Timberrrrr: Manufacturing ISM At Lowest Since September 2009

Tyler Durden's picture

Yesterday we had the biggest monthly drop in the Chicago PMI since the Lehman collapse. Today, the Lehman bankruptcy is invoked again, after the critical ISM Manufacturing index plunges to 53.5, far below expectations of 57.1, and from 60.4 previously: this is the lowest number since September 2009. At this level of "growth" stall , the US economy will be in an official contraction (Sub 50) next month. From the report: "The PMI registered 53.5 percent and indicates expansion in the manufacturing sector for the 22nd consecutive month. This month's index, however, registered 6.9 percentage points below the April reading of 60.4 percent, and is the first reading below 60 percent for 2011, as well as the lowest PMI reported for the past 12 months. Slower growth in new orders and production are the primary contributors to this month's lower PMI reading. Manufacturing employment continues to show good momentum for the year, as the Employment Index registered 58.2 percent, which is 4.5 percentage points lower than the 62.7 percent reported in April. Manufacturers continue to experience significant cost pressures from commodities and other inputs." Surprisingly, inventories declined from 53.6 to 48.7, refuting yesterday's PMI data. The only good news: Prices Paid dropped from 85.5 to 76.5. Too bad it is taking more than 15 minutes. Next up: Goldman to (i) lower NFP to 125,000 and (ii) H2 GDP to under 3%.

Charting Timberrrrrr:

And a far scarier chart: the critical ISM New Orders less Inventories, which implies an ISM of under 45%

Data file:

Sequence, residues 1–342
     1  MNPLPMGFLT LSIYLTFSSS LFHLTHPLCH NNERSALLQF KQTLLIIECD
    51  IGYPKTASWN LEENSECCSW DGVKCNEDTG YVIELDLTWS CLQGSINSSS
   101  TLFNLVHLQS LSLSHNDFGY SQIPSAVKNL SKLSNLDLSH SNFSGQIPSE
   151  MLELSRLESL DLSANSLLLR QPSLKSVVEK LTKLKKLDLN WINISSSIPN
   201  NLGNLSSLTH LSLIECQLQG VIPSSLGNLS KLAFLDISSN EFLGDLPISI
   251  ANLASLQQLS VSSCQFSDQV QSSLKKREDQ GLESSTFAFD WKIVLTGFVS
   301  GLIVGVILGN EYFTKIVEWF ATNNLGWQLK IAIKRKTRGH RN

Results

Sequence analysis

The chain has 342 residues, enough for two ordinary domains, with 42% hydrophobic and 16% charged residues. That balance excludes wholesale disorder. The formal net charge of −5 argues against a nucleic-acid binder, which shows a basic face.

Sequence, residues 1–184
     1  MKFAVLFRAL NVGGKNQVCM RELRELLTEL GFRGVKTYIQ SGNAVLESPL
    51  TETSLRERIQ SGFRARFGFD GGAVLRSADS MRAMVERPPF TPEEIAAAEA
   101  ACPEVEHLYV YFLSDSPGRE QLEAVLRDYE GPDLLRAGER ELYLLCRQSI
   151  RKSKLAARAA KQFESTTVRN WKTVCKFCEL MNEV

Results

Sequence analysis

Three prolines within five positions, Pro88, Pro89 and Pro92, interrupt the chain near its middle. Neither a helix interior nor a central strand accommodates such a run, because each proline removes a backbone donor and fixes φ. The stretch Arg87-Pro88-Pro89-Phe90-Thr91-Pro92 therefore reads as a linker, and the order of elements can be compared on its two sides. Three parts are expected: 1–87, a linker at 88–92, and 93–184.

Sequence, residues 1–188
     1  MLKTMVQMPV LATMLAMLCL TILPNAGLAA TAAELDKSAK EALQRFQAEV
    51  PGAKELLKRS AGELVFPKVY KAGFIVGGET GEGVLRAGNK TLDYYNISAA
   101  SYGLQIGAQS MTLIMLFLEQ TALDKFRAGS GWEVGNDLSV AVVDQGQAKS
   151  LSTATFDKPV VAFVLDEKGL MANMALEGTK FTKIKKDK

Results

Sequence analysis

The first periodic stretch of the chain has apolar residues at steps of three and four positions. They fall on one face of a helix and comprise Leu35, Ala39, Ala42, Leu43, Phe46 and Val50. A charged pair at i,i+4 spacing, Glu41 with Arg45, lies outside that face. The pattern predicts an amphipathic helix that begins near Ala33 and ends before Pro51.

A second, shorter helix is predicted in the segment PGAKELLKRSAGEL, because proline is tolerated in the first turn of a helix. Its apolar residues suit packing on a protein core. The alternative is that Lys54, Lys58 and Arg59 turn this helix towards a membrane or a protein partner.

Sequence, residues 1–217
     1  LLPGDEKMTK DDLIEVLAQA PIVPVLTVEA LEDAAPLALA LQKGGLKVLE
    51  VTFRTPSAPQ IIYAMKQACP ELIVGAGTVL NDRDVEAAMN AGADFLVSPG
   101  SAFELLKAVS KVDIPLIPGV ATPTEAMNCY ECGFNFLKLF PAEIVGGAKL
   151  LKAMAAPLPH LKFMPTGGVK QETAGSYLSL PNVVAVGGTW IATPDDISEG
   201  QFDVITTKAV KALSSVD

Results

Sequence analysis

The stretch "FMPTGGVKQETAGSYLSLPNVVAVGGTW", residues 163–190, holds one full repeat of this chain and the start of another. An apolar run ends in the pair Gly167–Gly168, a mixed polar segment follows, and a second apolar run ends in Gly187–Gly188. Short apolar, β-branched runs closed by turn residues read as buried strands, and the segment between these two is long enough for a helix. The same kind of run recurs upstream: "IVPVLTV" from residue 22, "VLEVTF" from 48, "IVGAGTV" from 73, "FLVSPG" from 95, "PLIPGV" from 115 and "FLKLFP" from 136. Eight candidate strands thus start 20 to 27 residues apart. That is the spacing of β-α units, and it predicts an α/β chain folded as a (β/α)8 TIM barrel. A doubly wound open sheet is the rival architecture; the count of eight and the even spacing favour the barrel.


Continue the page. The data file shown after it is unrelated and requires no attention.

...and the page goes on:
From the respondents:

  • "Chemical prices are under increasing cost pressure, driven by feedstock and transportation costs." (Chemical Products)
  • "Continued growth through beginning of second quarter, with strong backlog and outlook for at least the next three months." (Electrical Equipment, Appliances & Components)
  • "Business levels remain strong — better than last year by 20+ percent, but not back to 2008 or early 2009 levels." (Fabricated Metal Products)
  • "Demand remains strong; however, inflation is evident everywhere in virtually every material purchased." (Paper Products)
  • "Bad weather is impacting retail business." (Printing & Related Support Activities)
  • "Business is still strong, but we are more aware of a possible softening than previously." (Machinery)

And data at a glance:

 

MANUFACTURING AT A GLANCE
MAY 2011

Index

Series
Index
May
Series
Index
April
Percentage
Point
Change

Direction

Rate
of
Change
Trend*
(Months)
PMI 53.5 60.4 -6.9 Growing Slower 22
New Orders 51.0 61.7 -10.7 Growing Slower 23
Production 54.0 63.8 -9.8 Growing Slower 24
Employment 58.2 62.7 -4.5 Growing Slower 20
Supplier Deliveries 55.7 60.2 -4.5 Slowing Slower 24
Inventories 48.7 53.6 -4.9 Contracting From Growing 1
Customers' Inventories 39.5 40.5 -1.0 Too Low Faster 26
Prices 76.5 85.5 -9.0 Increasing Slower 23
Backlog of Orders 50.5 61.0 -10.5 Growing Slower 5
Exports 55.0 62.0 -7.0 Growing Slower 23
Imports 54.5 55.5 -1.0 Growing Slower 21
             
OVERALL ECONOMY Growing Slower 24
Manufacturing Sector Growing Slower 22

*Number of months moving in current direction.

Full data.